How to turn thicko skangers into heroes
Drama isn't less serious or gripping for having a moral compass, says Eilis O'Hanlon who finds 'Love/Hate' lacking
It was hard to escape the creeping feeling while watching the first episode of RTE's new drama series Love/ Hate last Monday evening that the most loyal viewers of this show are actually going to be the Dublin inner-city gangsters it purports to be portraying, warts and all.
The makers of Love/Hate have already acknowledged that one of the dangers of making such series is that it can present an airbrushed version of the criminal underworld. As writer Stuart Carolan admitted to one interviewer: "You do run the risk of making it look glamorous." His justification was that, well, so did Martin Scorsese in Goodfellas and he got away with it. It's a risky defence, since it does rather invite the raised eyebrow response: "So you think you're Martin Scorsese now, do you?"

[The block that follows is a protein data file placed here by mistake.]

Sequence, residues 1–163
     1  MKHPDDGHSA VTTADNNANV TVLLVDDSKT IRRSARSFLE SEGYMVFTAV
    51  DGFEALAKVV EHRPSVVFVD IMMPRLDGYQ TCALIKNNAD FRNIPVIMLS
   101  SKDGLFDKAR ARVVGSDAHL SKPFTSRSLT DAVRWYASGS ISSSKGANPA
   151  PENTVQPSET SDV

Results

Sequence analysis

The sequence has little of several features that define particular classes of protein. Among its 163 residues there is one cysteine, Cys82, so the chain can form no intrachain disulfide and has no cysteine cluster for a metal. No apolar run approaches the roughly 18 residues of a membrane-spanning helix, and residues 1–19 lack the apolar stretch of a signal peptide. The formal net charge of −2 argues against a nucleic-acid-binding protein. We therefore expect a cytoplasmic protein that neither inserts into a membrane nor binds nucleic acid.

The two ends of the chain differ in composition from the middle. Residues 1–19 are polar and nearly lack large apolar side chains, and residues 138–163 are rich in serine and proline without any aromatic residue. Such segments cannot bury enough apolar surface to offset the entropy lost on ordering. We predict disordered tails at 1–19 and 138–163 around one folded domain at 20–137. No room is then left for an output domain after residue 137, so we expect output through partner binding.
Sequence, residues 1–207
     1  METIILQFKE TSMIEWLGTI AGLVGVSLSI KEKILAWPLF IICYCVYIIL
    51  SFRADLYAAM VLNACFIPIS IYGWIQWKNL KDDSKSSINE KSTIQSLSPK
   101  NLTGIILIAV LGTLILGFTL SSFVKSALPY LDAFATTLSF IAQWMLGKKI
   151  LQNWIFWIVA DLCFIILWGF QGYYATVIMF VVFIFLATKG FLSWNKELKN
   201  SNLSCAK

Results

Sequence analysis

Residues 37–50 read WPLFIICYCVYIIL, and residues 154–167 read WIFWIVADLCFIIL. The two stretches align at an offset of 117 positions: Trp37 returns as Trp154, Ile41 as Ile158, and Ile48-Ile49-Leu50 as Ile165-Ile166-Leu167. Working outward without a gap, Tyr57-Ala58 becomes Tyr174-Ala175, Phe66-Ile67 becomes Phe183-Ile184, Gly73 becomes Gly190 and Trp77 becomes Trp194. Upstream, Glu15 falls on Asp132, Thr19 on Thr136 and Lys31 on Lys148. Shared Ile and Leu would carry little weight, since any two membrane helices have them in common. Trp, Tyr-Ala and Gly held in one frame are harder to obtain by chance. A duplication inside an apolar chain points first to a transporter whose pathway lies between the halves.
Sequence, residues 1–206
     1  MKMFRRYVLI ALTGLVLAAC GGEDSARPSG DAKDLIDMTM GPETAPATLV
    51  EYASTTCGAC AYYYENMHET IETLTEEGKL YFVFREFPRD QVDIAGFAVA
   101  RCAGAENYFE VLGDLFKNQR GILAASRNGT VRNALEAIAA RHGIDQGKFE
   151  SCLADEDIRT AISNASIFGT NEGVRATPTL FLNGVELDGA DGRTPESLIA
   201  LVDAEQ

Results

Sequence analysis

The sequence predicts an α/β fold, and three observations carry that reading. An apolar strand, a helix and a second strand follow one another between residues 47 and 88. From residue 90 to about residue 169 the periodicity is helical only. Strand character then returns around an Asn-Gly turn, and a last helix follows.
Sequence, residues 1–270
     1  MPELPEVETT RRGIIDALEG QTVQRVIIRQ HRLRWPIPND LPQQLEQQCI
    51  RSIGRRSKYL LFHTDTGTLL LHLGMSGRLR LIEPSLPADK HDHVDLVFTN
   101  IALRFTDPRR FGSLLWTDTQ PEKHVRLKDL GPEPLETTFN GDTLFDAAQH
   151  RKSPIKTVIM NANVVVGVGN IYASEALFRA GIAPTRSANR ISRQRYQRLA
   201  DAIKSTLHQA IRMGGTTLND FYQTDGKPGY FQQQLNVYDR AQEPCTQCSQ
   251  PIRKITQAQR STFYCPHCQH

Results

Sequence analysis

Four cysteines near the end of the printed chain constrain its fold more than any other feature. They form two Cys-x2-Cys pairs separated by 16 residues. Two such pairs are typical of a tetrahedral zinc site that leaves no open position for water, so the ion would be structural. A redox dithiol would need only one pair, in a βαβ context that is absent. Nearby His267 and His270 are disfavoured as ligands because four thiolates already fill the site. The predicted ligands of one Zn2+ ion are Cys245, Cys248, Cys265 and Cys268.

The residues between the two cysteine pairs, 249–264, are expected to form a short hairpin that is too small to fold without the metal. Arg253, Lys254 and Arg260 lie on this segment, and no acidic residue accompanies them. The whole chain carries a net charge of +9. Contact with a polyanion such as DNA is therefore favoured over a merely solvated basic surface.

But even if the people behind Love/Hate were film makers of genius, it doesn't negate the charge of glamorising crime for the sake of ratings. Scorsese has his own moral responsibilities when it comes to portraying the shadier side of Italian-American life, and we have ours. Mafioso types undoubtedly love seeing themselves portrayed on screen by Robert de Niro and Joe Pesci, and our own homegrown thugs wouldn't exactly be averse to a similar experience either. Whether you give it to them -- that's the question.